Venous thromboembolism (VTE) is an umbrella term for two specific, sometimes related conditions. One is deep vein thrombosis (DVT), a blood clot in the leg. The second is pulmonary embolism (PE), a vein-blocking clot found within the lungs. These clots are fairly common in individuals who remain immobilized for extended periods of time, such as hospital patients and those who fly frequently.

Even with its common occurrence and rate of recurrence, the Cleveland Clinic notes that VTE is often overlooked, which can lead to potentially damaging ailments like chronic thromboembolic pulmonary hypertension, and post-thrombotic syndrome.

Learn to recognize the signs of VTE to safeguard your personal health.

Signs and symptoms

The first step in understanding both DVT and PE is to know the underlying physical symptoms. Though they are both blood clot conditions, the part of the body in which they develop often causes different symptoms.

DVT symptoms
- Pale or reddish skin over the affected area
- Pain in the foot or ankle
- Cramping pain that usually begins in the calf
- An area that feels especially warm to the touch, which indicates impeded blood flow
- Swelling of the leg, ankle, or foot

Unfortunately, according to Healthline, only half of all DVT patients will ever experience symptoms to alert them to the problem.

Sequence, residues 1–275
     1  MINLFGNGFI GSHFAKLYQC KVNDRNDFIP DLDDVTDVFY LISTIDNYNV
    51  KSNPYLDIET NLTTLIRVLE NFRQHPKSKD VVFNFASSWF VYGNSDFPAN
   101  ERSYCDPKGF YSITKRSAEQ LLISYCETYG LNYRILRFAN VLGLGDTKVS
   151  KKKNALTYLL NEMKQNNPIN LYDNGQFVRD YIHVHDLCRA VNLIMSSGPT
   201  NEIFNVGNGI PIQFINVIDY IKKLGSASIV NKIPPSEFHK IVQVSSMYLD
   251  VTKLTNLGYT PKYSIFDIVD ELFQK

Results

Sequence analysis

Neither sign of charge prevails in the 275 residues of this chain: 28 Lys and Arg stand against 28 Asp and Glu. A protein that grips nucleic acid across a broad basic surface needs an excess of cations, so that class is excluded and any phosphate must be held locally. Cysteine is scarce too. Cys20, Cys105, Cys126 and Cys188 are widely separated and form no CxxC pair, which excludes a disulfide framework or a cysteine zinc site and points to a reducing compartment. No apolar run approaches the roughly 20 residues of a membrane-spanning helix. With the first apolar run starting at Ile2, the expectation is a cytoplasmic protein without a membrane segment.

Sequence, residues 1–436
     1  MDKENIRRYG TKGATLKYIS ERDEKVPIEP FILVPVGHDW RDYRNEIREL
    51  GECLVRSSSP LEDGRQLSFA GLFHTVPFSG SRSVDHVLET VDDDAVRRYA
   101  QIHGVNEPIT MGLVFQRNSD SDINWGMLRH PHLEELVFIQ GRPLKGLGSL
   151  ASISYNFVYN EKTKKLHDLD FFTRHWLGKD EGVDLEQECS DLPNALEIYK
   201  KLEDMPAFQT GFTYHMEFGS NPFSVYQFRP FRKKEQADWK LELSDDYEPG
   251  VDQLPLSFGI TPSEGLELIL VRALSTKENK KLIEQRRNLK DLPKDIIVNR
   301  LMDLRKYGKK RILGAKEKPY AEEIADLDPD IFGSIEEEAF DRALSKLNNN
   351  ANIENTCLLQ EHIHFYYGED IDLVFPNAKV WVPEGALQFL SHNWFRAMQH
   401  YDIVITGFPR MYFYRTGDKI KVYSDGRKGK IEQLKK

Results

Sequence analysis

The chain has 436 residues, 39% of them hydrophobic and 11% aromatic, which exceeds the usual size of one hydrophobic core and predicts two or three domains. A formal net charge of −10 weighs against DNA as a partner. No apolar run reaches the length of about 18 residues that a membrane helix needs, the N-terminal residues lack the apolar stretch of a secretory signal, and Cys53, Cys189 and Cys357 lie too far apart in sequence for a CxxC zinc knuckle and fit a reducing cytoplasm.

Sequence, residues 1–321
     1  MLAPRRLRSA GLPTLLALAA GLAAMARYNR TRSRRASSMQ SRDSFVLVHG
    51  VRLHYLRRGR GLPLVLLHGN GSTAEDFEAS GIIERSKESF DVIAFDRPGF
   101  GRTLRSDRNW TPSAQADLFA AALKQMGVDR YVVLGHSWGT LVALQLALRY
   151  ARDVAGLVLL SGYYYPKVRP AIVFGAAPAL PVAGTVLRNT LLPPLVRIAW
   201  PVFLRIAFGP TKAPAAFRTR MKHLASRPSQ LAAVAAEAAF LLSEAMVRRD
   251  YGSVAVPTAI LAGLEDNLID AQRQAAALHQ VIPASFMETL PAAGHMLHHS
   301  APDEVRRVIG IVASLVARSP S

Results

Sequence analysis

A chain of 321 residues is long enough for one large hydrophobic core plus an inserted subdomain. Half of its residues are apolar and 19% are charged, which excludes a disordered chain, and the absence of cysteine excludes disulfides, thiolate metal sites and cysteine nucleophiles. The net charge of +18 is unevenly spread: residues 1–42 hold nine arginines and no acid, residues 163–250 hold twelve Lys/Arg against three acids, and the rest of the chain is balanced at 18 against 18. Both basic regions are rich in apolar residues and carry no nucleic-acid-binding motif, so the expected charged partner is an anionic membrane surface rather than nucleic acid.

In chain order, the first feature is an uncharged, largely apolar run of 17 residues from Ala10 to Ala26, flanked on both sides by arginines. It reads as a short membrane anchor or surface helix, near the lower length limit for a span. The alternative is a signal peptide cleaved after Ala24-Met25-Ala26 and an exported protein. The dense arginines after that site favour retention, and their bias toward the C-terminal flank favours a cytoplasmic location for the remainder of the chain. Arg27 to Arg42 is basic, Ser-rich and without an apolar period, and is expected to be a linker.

PE symptoms
- Sweating
- Rapid heartbeat
- Anxiety
- Coughing
- Fainting
- Sharp chest pain
- Shortness of breath

The National Heart, Lung, and Blood Institute notes that, much like DVT, it is possible to have an embolism without displaying any of these symptoms.

Tests for DVT and PE

Even though they have different symptoms, these conditions share three common diagnostic tests.

The first is a Doppler ultrasound. Soundwaves generate pictures of body parts and regions, including the legs, arms, and chest. The images can tell doctors where clots have formed, where they might be forming, any veins that are in danger of closing up, and other blockages, including cholesterol buildup. This test can also look at the overall health of the arteries.

There's also the D-dimer test. After blood is drawn, a doctor or lab tech analyzes the levels of a substance called fibrin degradation product, which is released when blood clots. The higher the levels in the sample, the more likely the presence of clots, including those associated with DVT and PE. According to Lab Tests Online, doctors may order a D-dimer with a few other accompanying exams, including a platelet count and a PT and INR, which check how quickly blood clots.

Many doctors also use a procedure called venography. Here, contrast die is injected into the arm, at which point X-rays are taken of the body part in question. These images give medical personnel an idea of the clot's location based on vein and muscle swelling. They can also pinpoint any congenital vein issues that may contribute to pain or decreased function. Because of the dye used, this test carries a risk of kidney infection.

A final note

Limited movement of the body leads to VTE, mostly because blood doesn't flow as effectively, resulting in clots. According to the Centers for Disease Control and Prevention (CDC), VTE is also more likely to impact those over the age of 60, due to already-diminished vein capacity. Some individuals even develop DVT and PE simultaneously.

If you think you may be experiencing symptoms of VTE, schedule an appointment with your doctor.